Using various MR imaging techniques, researchers have pinpointed structural abnormalities in the brains of people with chronic fatigue syndrome (CFS), which could potentially help in diagnosing the condition, according to a study published online October 29 in Radiology.
Researchers from Stanford University School of Medicine found abnormally high levels of fractional anisotropy in the right arcuate fasciculus in those with CFS compared to control subjects. The increase in fractional anisotropy also corresponded with the severity of CFS.
Given that correlation, fractional anisotropy, which measures water flow in the brain through diffusion-tensor MRI (DTI-MRI), could serve as a biomarker to track the disease. In addition, volumetric T1-weighted MRI found that CFS patients have slightly less overall white matter in the brain than control subjects (Radiology, October 29, 2014).
According to the U.S. Centers for Disease Control and Prevention, more than 1 million adults and children in the U.S. have CFS, which includes bouts of deep fatigue that can last as long as six months. Diagnosing CFS can be difficult because there is no definitive test to confirm the condition.
"It is difficult for patients because they know something is wrong with them, but we can't find the culprit," lead author Dr. Michael Zeineh, assistant professor of radiology, told AuntMinnie.com. "Sometimes some treatments work, sometimes they don't, and we don't know why. It is a challenging disease on all fronts."
This study was the brainchild of Zeineh and Dr. Jose Montoya, an infectious disease and CFS specialist at Stanford. The trial was later expanded to include other specialists.
"One of the questions we had is: Can we see any abnormalities in the brains of patients with chronic fatigue syndrome? Until now, research has not found anything conclusive in brain MRI abnormalities," Zeineh said. "So we wanted to see if we would see anything interesting or different with an advanced study."
The research began in June 2011, with follow-up completed in November 2013. Fifteen patients who had experienced CFS for six months or longer -- defined as having at least four of the eight symptoms of the condition -- were matched with 14 control subjects according to age and gender.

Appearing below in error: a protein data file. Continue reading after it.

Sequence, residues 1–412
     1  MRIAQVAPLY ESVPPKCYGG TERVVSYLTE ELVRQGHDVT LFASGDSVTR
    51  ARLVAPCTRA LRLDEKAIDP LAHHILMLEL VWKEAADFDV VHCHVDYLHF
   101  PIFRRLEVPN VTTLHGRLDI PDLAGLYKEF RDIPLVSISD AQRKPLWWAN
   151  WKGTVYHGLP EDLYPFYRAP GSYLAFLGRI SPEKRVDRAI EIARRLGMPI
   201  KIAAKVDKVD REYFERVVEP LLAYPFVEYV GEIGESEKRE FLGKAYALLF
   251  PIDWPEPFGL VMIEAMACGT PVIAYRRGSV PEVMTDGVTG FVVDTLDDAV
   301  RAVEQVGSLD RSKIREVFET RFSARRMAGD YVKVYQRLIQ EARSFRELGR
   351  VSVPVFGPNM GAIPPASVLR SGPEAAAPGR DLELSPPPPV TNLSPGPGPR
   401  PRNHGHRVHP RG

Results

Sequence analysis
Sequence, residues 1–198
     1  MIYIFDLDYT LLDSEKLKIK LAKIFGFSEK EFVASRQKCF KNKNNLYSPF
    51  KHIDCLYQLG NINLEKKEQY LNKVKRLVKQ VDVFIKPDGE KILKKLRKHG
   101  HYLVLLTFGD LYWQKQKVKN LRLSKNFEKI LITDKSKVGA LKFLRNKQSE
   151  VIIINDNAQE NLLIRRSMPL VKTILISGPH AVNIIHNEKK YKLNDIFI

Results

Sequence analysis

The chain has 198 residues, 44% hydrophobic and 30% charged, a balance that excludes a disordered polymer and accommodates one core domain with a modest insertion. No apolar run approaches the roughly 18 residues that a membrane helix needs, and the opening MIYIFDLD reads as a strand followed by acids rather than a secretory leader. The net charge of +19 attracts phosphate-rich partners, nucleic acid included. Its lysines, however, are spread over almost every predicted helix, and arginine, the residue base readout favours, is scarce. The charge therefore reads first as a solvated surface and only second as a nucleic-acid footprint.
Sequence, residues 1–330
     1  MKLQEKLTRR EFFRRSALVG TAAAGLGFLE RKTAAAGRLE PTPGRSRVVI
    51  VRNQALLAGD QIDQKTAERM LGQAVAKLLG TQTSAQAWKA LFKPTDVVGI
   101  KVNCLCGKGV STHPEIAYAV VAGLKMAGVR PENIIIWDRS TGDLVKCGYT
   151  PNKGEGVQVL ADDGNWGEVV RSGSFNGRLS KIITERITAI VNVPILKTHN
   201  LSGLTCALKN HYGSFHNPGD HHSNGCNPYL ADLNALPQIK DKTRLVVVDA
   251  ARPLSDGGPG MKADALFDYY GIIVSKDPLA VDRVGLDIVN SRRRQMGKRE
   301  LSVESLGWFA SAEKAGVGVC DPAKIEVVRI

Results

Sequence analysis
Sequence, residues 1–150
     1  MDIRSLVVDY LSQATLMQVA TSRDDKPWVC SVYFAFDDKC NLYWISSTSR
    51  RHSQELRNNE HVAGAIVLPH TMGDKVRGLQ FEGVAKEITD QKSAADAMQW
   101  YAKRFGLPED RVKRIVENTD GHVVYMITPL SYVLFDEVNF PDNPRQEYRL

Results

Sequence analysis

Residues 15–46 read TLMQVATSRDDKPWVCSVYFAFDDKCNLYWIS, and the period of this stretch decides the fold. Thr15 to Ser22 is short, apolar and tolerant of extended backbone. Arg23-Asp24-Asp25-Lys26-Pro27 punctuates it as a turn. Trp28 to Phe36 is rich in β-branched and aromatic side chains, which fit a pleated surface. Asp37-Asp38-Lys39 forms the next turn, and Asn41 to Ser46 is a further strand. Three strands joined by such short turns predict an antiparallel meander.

All participants were imaged on one of two identical 3-tesla MRI scanners (GE Healthcare) using an eight-channel phased-array head coil and body-transmit coil.
The researchers utilized three MRI techniques to investigate potential brain abnormalities among the participants. Volumetric analysis was used to measure the size of different compartments of the brain, DTI assessed the integrity of the signal-carrying white-matter tracts of the brain, and arterial spin labeling (ASL) measured blood flow.
Of the three MRI techniques, volumetric analysis and DTI were the most helpful, Zeineh said.
"The volumetric analysis showed that all the white matter in the brain was smaller, on average, in chronic fatigue syndrome patients compared with age- and gender-matched control subjects," he said.
With DTI, Zeineh and colleagues found that two cortical regions -- the right middle temporal and precentral gyri -- connected with the arcuate fasciculus showed increased thickness. In addition, CFS patients with a more abnormal arcuate fasciculus experienced more fatigue.
"Finding that the white-matter tract had abnormal fractional anisotropy and finding that those two end points of the tract had abnormal thickness suggest that something is going on in the right hemisphere [of the brain] in these chronic fatigue syndrome patients," Zeineh said.
ASL-MRI was less helpful, but it did confirm that there was no significant difference in perfusion in the cortex, supratentorial white matter, basal ganglia, thalami, or hippocampus, he said. The negative findings with ASL-MRI suggest that perfusion is not affected in CFS cases, the group concluded.
Causes and treatment
Zeineh said this was the first study to look at white-matter tracts in CFS patients and correlate them with cortical findings. Although the study included only 15 CFS patients, the technique shows promise as a diagnostic tool for identifying people with CFS. The findings need to be validated and explored in a larger study, he noted.
As for identifying possible causes of CFS or potential treatments, it is too soon to speculate on either topic, Zeineh said.
"It does motivate us to think about what to do for the next study to figure out what exactly this means ... and it can be helpful to look at patients across time and do a larger study to see if this could potentially be useful as a biomarker for fatigue," he added.
In fact, Zeineh and colleagues currently are designing "the next bigger study to explore and expand upon the findings in this study," he said.